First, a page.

2012-1314.0 ppg44.6% FG35.5% 3-pt FG88.3% FT3.9 apg
Career12.9 ppg44.7% FG36.5% 3-pt FG86.3% FT4.0 apg

5) Although he was arguably the best of these players in college, Augustin has easily had the most lackluster NBA career.

In fairness, anyone who has had the misfortune of being drafted by Michael Jordan (Charlotte) is usually doomed from jump street.  After spending his first four season in NBA purgatory, Augustin now finds himself as a marginal bench player on a much better franchise, the Indiana Pacers.

2012-134.8 ppg35.4% FG36.2% 3-pt FG84.4% FT2.2 apg
Career9.6 ppg40.1% FG37.2% 3-pt FG87.2% FT4.0 apg

6) The most obvious difference between these players and Pressey, though, is that they are score-first point guards.  Pressey is looking to pass unless in his one of his dribble-up-three-with-28-on-the-shot-clock moods.

Can Pressey be an effective NBA player with just his elite passing ability?

Doubtful.

Like Colorado State head coach Larry Eustachy did in the NCAA Tournament, any and all NBA coaches will just sag off a player like Pressey and let him build his brick house. 

7) That being said, the NBA is a faster brand of basketball with superior athletes running the floor.  Pressey's style certainly fits right in with running the NBA fast break.

Not only that, instead of having a Ryan Rosburg try to catch a behind-the-back pass underneath the rim and lay it in, Pressey would have guys with 37-inch verticals at the worst to finish his passes at the next level.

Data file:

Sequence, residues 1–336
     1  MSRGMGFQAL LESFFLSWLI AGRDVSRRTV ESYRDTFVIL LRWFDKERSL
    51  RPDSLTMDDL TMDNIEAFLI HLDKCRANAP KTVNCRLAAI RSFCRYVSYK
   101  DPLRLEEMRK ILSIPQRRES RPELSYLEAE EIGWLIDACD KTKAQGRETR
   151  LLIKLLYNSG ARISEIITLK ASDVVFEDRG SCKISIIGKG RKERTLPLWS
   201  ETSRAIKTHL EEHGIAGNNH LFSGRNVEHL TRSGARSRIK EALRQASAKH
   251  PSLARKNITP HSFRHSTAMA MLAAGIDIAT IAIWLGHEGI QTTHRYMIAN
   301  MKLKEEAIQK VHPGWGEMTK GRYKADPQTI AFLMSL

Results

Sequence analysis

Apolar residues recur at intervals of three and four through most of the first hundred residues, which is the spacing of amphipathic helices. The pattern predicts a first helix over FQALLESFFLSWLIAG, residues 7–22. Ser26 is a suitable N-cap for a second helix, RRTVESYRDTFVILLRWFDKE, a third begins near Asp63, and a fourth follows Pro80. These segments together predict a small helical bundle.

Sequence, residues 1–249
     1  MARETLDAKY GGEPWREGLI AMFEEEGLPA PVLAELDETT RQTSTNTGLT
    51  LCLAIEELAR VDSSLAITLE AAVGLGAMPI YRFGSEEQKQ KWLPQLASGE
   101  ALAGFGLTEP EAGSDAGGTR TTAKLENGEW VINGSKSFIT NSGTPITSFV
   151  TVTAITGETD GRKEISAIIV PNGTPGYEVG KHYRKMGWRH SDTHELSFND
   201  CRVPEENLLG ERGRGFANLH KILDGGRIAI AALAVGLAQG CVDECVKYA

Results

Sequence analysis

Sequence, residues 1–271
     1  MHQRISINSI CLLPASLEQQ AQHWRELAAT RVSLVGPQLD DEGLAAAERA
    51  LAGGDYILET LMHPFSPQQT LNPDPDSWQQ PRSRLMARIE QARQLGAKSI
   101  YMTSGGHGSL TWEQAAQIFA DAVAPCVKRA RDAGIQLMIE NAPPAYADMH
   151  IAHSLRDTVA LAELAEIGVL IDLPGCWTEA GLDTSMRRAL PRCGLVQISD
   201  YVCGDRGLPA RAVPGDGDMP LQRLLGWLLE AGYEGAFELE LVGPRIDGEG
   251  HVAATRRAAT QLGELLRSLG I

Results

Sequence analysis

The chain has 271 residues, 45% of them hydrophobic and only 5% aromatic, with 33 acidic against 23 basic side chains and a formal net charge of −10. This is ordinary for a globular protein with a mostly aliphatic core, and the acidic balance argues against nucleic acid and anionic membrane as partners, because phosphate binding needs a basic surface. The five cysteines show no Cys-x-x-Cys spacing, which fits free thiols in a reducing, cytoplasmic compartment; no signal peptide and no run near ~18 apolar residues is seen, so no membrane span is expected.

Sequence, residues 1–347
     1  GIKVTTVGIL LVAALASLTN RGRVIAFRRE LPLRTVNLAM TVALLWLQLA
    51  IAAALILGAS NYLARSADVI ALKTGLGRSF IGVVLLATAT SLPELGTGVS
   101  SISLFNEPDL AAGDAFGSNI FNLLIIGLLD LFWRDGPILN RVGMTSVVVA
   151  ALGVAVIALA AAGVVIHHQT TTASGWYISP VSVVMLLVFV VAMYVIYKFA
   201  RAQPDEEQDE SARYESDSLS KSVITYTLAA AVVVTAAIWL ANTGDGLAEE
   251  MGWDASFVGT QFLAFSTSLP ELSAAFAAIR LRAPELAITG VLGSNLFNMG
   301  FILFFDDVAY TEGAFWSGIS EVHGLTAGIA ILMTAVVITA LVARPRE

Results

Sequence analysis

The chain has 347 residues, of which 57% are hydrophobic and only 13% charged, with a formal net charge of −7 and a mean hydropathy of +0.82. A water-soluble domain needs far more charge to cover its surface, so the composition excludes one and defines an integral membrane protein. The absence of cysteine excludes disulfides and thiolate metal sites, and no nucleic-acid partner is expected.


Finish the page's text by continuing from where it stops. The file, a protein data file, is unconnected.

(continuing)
Pressey is also a little closer to the former Huskies in athleticism than he is Augustin.

We didn't see it often at Mizzou, but Pressey has a comparable vertical leap to Robinson, the two-time NBA Slam Dunk champion.  Athleticism is what allows Robinson and Thomas to slither and contort in the lane and convert shots among much taller and longer players.

They also, obviously, shoot the ball more efficiently from the perimeter.

8) Here's the bottom line.  Pressey will have to break the mold in a big way to have a successful NBA career.  Either that or finally develop a new shot mechanic that allows him to get it off quicker and more accurately.

There are no sub-6-foot NBA point guards that shoot less than 40 percent from the field on an NBA roster.  None. 

I do see, however, one intriguing spot for him to land in the NBA and perhaps develop into a viable option on the roster:

Denver.

The Nuggets play the fastest brand of basketball in the NBA, bar none, and they don't like to run half-court offense.  I would hazard a guess that Denver shoots the fewest mid-range jumpers of any team in the NBA.  Dunk the ball or shoot a three.

They have the most athletic roster in the league, a dream for an up-tempo passer like Pressey.  He would set up a lot of dunks using his primary asset: pushing and passing the ball.

Their current backup point guard is a 37-year old, yet still effective, Andre MillerGeorge Karl is going to need a younger backup to Ty Lawson (another player that is barely six feet tall) sooner rather than later.

Former Missouri Tiger basketball player, Josh Kroenke, the son of Rams owner Stan Kroenke, is the president of the Nuggets.  Can't hurt.

As it stands right now, the Nuggets pick 27th in the first round and 57th overall in the second round.  Value sounds right with that second round pick.

This is the type of roster and scheme that could help mask some of Pressey's biggest deficiencies until he's able to improve them to the level needed for a long and effective NBA career.

9) I do think Phil Pressey will be selected in the 2013 NBA Draft?  I have to believe that because I have a wager with one of my fraternity brothers on the matter.

Pressey, though, won't hear his name called -- if at all -- until the second round, most likely in the latter half of that round ... after his teammate Alex Oriakhi has been selected.